This study will assess and optimize computerized visual field test methods for patients with RP by addressing the following three specific aims: to ascertain the test-retest variability of visual field measurements in RP, to spatially characterize visual field losses specific to particular subtypes of RP (including Usher syndrome), and to develop novel testing algorithms that will enable us to move forward with clinical treatment trials.  At the conclusion of this study, we will publish our results and make recommendations to the scientific community regarding the best test strategy to use in multi-center clinical treatment trials.

mckittrick family

Development of Methods of Usher Syndrome Gene Therapy

Development of Methods of Usher Syndrome Gene Therapy (funded January 2007)

Grant Summary
Usher syndrome is the commonest inherited cause of combined blindness and deafness.  The progressive vision loss is currently untreatable, although some hearing may be restored with cochlear implants.  Several gene mutations have been identified as causes of the disease, including mutations in the usherin, harmonin and myosin VIIa genes.  Gene therapy is a promising experimental treatment that has the potential to prevent the loss of hearing and sight in this devastating condition, but it needs to be developed and tested before it can be attempted in human patients.

The purpose of this application is to develop safe and effective gene therapy methods for Usher syndrome.  The long-term goal of this project is to facilitate human clinical trials of this therapy.  In this proposal, we have brought together a team of clinical and basic science researchers to accomplish the following goals:

(1) To design and produce a delivery system, using a harmless virus, to deliver the normal usherin, harmonin and myosin VIIa genes to the eye and the inner ear.

(2) To determine the best surgical techniques for safe and efficient delivery of this gene therapy vector to the eye and inner ear.  These studies will use a nonhuman primate, the rhesus monkey, because the structure of its eyes and ears are most similar to humans, and different in critical ways from other animals such as rodents.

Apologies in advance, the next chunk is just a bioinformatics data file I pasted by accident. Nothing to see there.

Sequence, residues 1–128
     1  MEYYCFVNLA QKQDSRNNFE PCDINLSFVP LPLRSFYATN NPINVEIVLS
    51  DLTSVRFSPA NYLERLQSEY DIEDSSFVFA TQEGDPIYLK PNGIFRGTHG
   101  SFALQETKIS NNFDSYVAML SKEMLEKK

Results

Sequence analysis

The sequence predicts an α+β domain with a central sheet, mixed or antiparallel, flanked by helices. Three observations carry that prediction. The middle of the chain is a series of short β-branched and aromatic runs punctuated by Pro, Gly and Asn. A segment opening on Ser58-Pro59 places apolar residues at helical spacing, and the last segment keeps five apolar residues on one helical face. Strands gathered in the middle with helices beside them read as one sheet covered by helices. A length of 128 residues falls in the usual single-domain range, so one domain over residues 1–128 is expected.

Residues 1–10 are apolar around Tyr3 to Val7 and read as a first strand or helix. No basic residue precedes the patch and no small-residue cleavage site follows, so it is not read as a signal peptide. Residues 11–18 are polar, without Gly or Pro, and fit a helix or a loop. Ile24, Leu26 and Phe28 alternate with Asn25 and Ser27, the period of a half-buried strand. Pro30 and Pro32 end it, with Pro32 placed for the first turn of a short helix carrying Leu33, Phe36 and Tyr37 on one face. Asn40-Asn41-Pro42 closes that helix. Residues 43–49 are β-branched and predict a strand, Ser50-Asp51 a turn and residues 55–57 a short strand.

(3) To test the safety of this gene therapy in monkeys by examining them for any possible side effects of the treatment.

There are no animal models that have Usher syndrome, and therefore it is not possible to test the ability of gene therapy to treat or prevent the disease.  However, these studies will be able to test the safety of this treatment in healthy animals.  Given the very serious nature of the disease and the potential benefit, clear evidence of safety would make it ethically acceptable to conduct a clinical study in human patients.
Through this project, we aim to provide the foundation for use of gene therapy for Usher syndrome.
We plan that this project will lead to the next steps required to initiate a gene therapy clinical trial:  manufacture of a safe vector suitable for a human patients, and, based on demonstration of the treatment’s safety, submission of the necessary regulatory documents to the FDA and other federal agencies.  With the experience and information derived from the proposed project, our team at the Casey Eye Institute can then build on its extensive patient base and experience with human clinical trials to bring this new therapy to patients with Usher Syndrome.

Population Genetic Studies of Usher Syndrome

Pilot Project of Population Genetic Studies of Usher Syndrome (funded January 2006)

Grant Summary:
The research is being conducted at the Oregon School of the Deaf in Salem, Oregon by Dr. William Kimberling from Boystown University. The goal of this study is to determine the frequencies of known Usher syndrome subtypes and their mutations in a deaf school population and in students with varied hearing losses in special education classes. This project is nearing completion and we received a synopsis of the study from the researchers at the First Annual Usher Syndrome Symposium in Omaha, Nebraska in October 2006.Ultimately, this information is important for many reasons, including increasing awareness of Usher syndrome, improving genetic testing strategies, providing earlier diagnosis, and identifying individuals as potential treatment candidates for future clinical trials. There is an opportunity that if the pilot project is successful, the National Institute of Health will award a 2.5 million dollar grant for the full screening project. This type of research gives us great hope for a cure.